Any ideas? I am, by the way the Regulations Coordinator(known elsewhere as survey coordinator).I also am Employee Health nurse/workers comp administrator, infection control and education coordinator. I fill in on the floor occassionally as well.
    PLEASE HELP??!!! these girls/guys are a tough crowd!!
    Eeyore
  5. by   KatieBell
    Yes you are in a hard situation. And how exactly do you feel about care plans? Once I had to enforce additional, totally useless charting in a huge unit because the medical director insisted on it. He had used this form in a totally different unit with success and though it should then be instituted everywhere. You can imagine the complaints. It is hard to enforce something you think is a bit silly, but possible.

    Personally, I think care plans are a bit silly- unless they are the ones that are generated automatically (Hip replacement plans that lesson the charting load because all you have to do is check a box that patient ambulated twice today with walker...)What I might do is simply address them in a basic way. It seems from your post, the only reason anyone is interested in these care plans is because of the CMS surveyors. Yo might explain that CMS is the primary(or one of our big) funders, and the funds we get from them pay our salaries. CMS wants care plans, so even if we do not want care plans, we need to think of the bottom line. Care plans are an annoying bit of paperwork, but at they are something that can be done and will not require too much physical or mental power. I would add this after all the other discussion about why they might be good. Sometimes it is better to put a bottom line in rather than a lot of nice this is why this is good chat.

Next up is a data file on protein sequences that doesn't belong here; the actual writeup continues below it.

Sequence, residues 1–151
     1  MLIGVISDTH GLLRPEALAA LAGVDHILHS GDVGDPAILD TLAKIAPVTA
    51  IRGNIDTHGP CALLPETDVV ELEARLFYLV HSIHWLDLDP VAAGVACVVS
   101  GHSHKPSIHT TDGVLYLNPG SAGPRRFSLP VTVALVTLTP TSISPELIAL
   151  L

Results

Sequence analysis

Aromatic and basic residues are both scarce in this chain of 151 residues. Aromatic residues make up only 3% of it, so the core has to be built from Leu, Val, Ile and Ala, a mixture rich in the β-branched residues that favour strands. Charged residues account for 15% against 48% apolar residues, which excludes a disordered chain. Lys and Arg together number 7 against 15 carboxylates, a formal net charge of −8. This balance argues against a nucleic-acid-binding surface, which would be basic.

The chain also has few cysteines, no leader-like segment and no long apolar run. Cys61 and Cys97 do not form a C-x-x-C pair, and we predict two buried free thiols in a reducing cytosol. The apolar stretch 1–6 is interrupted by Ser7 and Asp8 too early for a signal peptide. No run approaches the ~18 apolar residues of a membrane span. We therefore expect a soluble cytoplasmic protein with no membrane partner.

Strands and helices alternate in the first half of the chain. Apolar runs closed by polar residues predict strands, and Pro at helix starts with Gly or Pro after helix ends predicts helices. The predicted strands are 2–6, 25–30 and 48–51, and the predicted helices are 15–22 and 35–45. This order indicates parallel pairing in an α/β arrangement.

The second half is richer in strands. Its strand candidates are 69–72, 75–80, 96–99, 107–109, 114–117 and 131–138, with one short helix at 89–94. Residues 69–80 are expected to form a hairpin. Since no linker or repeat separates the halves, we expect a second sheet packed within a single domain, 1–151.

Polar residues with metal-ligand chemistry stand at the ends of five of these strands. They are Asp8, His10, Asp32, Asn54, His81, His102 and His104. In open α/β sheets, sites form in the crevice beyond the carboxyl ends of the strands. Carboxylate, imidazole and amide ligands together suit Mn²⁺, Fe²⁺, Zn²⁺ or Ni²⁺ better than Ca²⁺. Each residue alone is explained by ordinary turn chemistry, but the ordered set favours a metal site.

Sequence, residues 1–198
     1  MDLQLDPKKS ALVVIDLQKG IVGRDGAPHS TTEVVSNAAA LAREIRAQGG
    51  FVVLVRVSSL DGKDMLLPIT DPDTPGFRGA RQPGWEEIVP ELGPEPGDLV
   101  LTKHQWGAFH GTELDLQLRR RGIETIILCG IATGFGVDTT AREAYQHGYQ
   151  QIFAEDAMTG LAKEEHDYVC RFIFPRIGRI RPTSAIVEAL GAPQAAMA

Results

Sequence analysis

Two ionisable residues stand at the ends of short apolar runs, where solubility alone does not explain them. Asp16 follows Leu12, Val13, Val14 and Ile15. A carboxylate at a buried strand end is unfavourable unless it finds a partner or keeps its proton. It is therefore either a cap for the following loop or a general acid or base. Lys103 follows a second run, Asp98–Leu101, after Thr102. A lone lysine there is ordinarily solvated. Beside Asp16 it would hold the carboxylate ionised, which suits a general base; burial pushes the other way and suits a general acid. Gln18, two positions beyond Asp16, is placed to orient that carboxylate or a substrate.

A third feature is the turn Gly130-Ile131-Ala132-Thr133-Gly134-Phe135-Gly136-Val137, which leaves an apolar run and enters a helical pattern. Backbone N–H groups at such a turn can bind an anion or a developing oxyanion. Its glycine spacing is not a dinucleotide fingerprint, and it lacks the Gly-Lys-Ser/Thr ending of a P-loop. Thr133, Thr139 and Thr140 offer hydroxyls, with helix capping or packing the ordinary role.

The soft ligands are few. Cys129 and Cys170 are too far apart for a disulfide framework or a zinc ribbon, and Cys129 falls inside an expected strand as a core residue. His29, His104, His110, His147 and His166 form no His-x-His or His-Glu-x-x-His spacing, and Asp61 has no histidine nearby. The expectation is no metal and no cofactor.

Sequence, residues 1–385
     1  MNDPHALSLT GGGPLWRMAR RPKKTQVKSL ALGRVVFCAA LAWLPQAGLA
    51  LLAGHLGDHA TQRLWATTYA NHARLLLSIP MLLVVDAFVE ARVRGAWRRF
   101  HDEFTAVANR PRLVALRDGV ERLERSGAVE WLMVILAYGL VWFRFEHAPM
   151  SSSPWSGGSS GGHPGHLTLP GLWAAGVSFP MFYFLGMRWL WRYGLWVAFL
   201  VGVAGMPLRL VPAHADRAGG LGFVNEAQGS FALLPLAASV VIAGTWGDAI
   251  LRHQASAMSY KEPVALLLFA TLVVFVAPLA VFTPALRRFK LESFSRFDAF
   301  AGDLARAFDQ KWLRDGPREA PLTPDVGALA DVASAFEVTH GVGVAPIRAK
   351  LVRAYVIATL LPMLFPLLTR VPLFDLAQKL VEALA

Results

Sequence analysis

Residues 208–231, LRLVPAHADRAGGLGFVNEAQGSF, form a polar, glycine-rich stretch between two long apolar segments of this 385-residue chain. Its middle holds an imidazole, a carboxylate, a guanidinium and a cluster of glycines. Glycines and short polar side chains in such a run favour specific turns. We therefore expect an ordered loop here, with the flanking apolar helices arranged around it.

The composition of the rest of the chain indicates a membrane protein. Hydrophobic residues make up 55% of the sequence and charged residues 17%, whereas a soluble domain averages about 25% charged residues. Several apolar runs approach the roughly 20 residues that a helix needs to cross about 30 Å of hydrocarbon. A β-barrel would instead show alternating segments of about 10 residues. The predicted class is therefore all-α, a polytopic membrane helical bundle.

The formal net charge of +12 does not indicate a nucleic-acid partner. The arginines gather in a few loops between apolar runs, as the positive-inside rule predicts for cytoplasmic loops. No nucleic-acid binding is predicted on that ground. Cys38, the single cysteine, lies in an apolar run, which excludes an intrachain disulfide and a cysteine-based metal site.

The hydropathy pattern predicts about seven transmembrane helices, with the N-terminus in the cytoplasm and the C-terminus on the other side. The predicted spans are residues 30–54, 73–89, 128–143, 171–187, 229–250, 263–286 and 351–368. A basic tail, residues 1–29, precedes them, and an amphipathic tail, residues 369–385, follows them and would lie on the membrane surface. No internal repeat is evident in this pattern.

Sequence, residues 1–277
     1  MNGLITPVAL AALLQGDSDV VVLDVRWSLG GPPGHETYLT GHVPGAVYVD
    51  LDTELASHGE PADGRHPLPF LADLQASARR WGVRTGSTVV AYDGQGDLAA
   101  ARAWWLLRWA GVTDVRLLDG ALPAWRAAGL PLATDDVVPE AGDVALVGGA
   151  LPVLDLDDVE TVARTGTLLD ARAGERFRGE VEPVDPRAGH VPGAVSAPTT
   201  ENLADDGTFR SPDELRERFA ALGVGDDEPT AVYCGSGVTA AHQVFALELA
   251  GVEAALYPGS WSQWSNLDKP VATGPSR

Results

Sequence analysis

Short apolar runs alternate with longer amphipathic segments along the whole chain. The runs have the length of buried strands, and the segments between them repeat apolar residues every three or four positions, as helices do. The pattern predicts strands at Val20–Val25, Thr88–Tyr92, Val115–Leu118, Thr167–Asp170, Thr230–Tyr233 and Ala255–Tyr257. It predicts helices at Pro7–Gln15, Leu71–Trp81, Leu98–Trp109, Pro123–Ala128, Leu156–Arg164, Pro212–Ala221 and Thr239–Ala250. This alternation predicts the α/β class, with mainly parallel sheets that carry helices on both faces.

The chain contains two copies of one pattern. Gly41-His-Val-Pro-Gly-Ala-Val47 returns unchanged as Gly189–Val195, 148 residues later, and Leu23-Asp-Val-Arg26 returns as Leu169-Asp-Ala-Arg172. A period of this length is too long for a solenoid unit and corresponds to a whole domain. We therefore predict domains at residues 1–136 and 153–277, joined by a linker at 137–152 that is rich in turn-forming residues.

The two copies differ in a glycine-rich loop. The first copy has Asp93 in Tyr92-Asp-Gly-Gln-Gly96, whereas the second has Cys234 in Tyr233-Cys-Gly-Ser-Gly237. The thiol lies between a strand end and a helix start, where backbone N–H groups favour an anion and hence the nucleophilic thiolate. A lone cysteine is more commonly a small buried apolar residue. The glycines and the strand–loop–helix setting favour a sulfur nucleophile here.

6. by   witnurse
    What do I think of care plans? I think that done well and correctly they are an important communication tool and excellent source of documentation of our looking at the overall picture of our patients and not just finishing a bunch of tasks because it is what the doctor ordered. I think the preprinted ones are fine if people truly individualize them. I also think that if you are in a setting where you have 6-8 med/surg patients a day you will be fortunate to get the "tasks" done. However the patient load at my facility is never more than 5 a piece and always with an LNA to help. I know there is time in this setting to complete thoughtful thorough care plans.
    Thank you all for all your ideas. I have taken all your suggestions and we will see what we can achieve, I will let you know how it goes.
    EEYORE
  7. by   menetopali
    did your presentation go well?
  8. by   witnurse
    It actually went very well. I think I have finally softened them up. At least for the most part. One of my colleagues is determined to get her doctorate in nursing so she can set policy instead of "blindly following." They did ask for my help in teaching their staff(there are a lot of us old folks who really did not get the care palns as we know love and them today.) Anyone have any good references or even bullet points regarding well written care plans? Thanks again for all your suggestions and support folks.
    Eeeyore